Search Images Maps Play YouTube News Gmail Drive More »
Sign in
Screen reader users: click this link for accessible mode. Accessible mode has the same essential features but works better with your reader.

Patents

  1. Advanced Patent Search
Publication numberUS3828353 A
Publication typeGrant
Publication dateAug 6, 1974
Filing dateFeb 5, 1973
Priority dateFeb 5, 1973
Publication numberUS 3828353 A, US 3828353A, US-A-3828353, US3828353 A, US3828353A
InventorsMajkrzak C, Polgar M
Original AssigneeItt
Export CitationBiBTeX, EndNote, RefMan
External Links: USPTO, USPTO Assignment, Espacenet
Integrally-wound antenna helix-coilform
US 3828353 A
Abstract
This concerns the fabrication of an integrally-wound helix-coilform assembly for an antenna of, for example, the high voltage and high power tunable helix-cylinder (inductance/capacitance) monopole type. Preassembled on a collapsible, cylindrically-shaped mandrel are a wound helix of controlled pitch, an end coupling to which the helix is affixed at one end, and a binding post securing the other end of the helix wire. After the entire assembly is enclosed in a plastic covering such as teflon shrink tubing or adhesive-backed tape helically wound to a predetermined tension and pattern, cycloaliphatic epoxy resin-saturated glass fibers are wound in a carefully controlled manner over the entire assembly in a predetermined pattern and then cured. The tensioned plastic covering together with the controlled winding of glass fibers provides for the interlaminar shear faces of the coilform structure type to be formed as convolutions between the helix turns, thus giving rise to an integrally-constructed assembly far superior both structurally and electrically.
Images(3)
Previous page
Next page
Claims  available in
Description  (OCR text may contain errors)

United States Patent Majkrzak et al.

INTEGRALLY-WOUND ANTENNA HELIX-COILFORM Inventors: Charles P. Majkriak, Nutley;

Michael S. Polgar, Oceanport, both of NJ.

International Telephone and Telegraph Corporation, Nutley, NJ.

Filed: Feb. 5, 1973.

Appl. No.: 329,776

Assignee:

US. Cl. 343/873, 343/895 Int. Cl. H0lq 1/36 Field of Search 343/895, 873

References Cited,

UNITED STATES PATENTS Harris Lombardi 343/895 Francis et al. 343/895 Valeriote 343/895 Primary Examiner-Eli Lieberman Attorney, Agent, or Firm-John T. OHalloran; Menotti J. Lombardi, Jr.

BONDED CLASS CLOTH TUBE 1' HELIX 2 (RR/OR ART) Aug. 6, 1974 [57] ABSTRACT This concerns the fabrication of an integrally-wound helix-coilform assembly for an antenna of, for example, the high voltage and high power tunable helixcylin'der (inductance/capacitance) monopole type. Preassembled on a collapsible, cylindrically-shaped mandrel are a wound helix of controlled pitch, an end coupling to which the helix is affixed at one end, and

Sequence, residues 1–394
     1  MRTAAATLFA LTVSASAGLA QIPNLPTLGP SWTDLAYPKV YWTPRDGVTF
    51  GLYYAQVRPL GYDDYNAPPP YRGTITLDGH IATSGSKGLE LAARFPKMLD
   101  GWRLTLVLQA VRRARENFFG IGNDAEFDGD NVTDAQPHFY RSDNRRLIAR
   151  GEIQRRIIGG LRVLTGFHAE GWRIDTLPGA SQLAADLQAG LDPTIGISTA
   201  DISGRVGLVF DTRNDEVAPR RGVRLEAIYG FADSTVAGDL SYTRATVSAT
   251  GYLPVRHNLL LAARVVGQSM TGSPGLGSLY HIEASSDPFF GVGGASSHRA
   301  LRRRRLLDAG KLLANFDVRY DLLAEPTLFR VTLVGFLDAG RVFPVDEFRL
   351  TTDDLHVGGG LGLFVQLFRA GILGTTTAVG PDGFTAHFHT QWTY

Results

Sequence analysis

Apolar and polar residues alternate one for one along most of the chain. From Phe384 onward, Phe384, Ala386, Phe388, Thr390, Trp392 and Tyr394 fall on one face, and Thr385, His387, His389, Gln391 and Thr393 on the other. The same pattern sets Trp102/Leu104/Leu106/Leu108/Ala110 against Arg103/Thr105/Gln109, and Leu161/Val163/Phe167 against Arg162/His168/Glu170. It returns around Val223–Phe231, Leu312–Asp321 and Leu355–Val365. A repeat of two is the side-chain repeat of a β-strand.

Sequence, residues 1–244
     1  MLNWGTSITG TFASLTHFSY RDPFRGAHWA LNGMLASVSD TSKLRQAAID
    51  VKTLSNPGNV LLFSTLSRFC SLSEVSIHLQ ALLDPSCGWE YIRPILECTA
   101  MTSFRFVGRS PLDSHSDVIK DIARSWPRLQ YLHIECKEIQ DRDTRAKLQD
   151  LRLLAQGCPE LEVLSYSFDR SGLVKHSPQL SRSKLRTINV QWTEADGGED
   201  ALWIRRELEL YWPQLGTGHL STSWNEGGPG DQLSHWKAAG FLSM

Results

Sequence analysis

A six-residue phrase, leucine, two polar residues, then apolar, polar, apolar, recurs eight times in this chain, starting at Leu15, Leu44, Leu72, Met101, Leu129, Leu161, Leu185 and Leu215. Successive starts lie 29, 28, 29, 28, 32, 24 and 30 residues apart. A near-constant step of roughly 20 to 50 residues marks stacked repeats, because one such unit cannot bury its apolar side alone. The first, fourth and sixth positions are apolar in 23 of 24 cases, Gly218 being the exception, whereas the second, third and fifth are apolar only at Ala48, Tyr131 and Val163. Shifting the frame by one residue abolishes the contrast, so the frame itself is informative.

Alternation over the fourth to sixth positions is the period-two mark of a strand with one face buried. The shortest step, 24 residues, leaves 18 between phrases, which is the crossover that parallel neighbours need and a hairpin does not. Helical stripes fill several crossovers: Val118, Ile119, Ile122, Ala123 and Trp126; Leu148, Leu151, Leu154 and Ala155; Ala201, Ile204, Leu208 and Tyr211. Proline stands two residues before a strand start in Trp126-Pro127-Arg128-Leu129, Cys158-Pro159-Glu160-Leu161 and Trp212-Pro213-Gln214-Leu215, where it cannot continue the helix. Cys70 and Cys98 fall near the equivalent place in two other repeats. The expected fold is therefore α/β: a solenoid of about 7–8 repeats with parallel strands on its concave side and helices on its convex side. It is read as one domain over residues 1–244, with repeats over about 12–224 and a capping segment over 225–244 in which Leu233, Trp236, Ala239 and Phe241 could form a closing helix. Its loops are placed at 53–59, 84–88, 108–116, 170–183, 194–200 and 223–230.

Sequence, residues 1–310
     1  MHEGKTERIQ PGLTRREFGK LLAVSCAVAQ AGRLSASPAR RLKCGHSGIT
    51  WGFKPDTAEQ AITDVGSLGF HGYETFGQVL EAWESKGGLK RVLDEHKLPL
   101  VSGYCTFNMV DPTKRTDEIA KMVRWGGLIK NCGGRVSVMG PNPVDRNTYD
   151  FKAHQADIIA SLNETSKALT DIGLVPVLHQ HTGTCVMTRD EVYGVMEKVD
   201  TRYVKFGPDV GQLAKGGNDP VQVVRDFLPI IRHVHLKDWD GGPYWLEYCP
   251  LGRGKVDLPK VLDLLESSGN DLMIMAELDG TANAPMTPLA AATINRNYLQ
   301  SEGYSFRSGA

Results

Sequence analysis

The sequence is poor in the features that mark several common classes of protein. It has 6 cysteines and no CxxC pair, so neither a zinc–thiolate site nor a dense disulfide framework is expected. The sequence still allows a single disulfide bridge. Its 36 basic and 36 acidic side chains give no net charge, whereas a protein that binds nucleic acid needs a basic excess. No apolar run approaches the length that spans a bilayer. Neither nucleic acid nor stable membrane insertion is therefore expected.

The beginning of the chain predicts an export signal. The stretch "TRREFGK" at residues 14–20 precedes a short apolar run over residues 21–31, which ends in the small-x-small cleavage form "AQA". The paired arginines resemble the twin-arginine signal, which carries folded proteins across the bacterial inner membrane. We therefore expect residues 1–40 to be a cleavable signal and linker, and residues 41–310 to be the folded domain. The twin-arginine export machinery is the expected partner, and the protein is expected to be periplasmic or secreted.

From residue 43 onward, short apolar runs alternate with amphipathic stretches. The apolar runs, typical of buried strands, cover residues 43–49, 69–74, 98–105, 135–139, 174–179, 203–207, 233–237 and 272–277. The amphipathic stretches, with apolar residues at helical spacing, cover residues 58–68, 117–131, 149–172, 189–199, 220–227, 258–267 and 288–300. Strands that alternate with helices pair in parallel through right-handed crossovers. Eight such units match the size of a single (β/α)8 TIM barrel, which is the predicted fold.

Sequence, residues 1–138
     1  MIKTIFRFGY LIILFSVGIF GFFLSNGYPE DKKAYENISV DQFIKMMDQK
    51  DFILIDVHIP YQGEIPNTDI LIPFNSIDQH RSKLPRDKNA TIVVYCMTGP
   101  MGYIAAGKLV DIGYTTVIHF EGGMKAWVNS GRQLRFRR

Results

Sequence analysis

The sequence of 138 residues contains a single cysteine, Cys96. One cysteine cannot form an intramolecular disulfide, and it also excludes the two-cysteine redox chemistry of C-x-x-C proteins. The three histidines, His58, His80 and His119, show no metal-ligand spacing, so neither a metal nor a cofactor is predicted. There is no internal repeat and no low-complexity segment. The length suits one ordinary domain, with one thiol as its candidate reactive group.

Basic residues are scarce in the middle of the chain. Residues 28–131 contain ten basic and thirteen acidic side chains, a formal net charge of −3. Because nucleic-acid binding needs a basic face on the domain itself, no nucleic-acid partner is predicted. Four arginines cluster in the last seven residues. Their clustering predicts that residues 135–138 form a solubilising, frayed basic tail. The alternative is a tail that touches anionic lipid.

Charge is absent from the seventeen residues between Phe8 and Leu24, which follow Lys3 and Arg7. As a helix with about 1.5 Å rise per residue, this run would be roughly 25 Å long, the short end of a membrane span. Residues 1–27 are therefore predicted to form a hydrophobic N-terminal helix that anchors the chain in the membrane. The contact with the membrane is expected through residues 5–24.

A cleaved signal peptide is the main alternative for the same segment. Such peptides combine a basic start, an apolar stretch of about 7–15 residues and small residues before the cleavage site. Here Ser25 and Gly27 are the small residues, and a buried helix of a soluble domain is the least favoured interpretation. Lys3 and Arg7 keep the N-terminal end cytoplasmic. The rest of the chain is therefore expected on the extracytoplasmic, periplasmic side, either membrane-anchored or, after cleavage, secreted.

a binding post securing the other end of the helix wire.

After the entire assembly is enclosed in a plastic covering such as teflon shrink tubing or adhesive-backed tape helically wound to a predetermined tension and pattern, cycloaliphatic epoxy resin-saturated glass fibers are wound in a carefully controlled manner over the entire assembly in a predetermined pattern and then cured. The tensioned plastic covering together with the controlled winding of glass fibers provides for the interlaminar shear faces of the coilform structure type to be formed as convolutions between the helix I turns, thus giving rise to an integrally-constructed assembly far superior both structurally and electrically.

3 Claims, 9 Drawing Figures INTERAM/NAR SHEAR PLANES 4 PATENT-mu: 61974 SHEET 1 0r 3 (PRIOR ART) lflTERNAL MACH/N60 GROOVE 3 v INTERLAM/M SHEAR PLANES 4 BON 0 GLA CLO TUBE HELIX 2 co/v v01. 0 r/oxvs ll 1 Q I I F/LAME/VT- WOUND STRUCTURE l0 HELIX 2 O afifiwm F/LAMENT- WOUNO RES/N- SA TURA TED AND cumso FIBER GLASS CQILFORM 2a PREGROOVfD COLLASIBL MANDREL 2O HIEL/X TURNS a LOAD s/lsAR PtA/V' /a' PATENTED M 61974 SHEET 3" BF 3 BACKGROUND OF THE INVENTION This invention relates to antenna arrangements of the combined inductance/capacitance type wherein a helix and a cylinder are tunably coaxially arranged end-toend, and more particularly to the helix-coilform assembly therein.

Such antenna arrangements are already known, and may be found in the following U.S. Patents/Applications: U.S. Pat. Nos. 2,781,514; 2,875,433; application Ser.-No. 324,607 filed Jan. 18-, 1973, which references, insofar as the disclosures thereof are pertinent to this invention, are incorporated herein by reference.

In these related prior-art tunable inductance/capacitance type antennas, which are operable in the 2 30 MHz range, and have particular application on submarines and on surface ships, the inductance element is by design a metal helix imbedded in an insulation coilform so as to expose the internal surfaces of the helix to a traveling short mechanism within the helix to effect a continuous tuning characteristic. For a number of practical reasons, this assembly of helix and coilform formally comprised a multiplicity of short coilforms machined from commercially available bondedfiberglass tubing assembled end-to-end to produce the desired length, which short coilforms had to be assembled together along a common axis by an appropriate number of coupling pieces. A pre-wound metal helix would then be inserted, fitted and fixed to achieve the desired product. Such an arrangement is quite costly and has a number of disadvantageous features.

This arrangement may be replaced by an integrallymounted helix-coilform as described herein and which is the principlal object of this invention.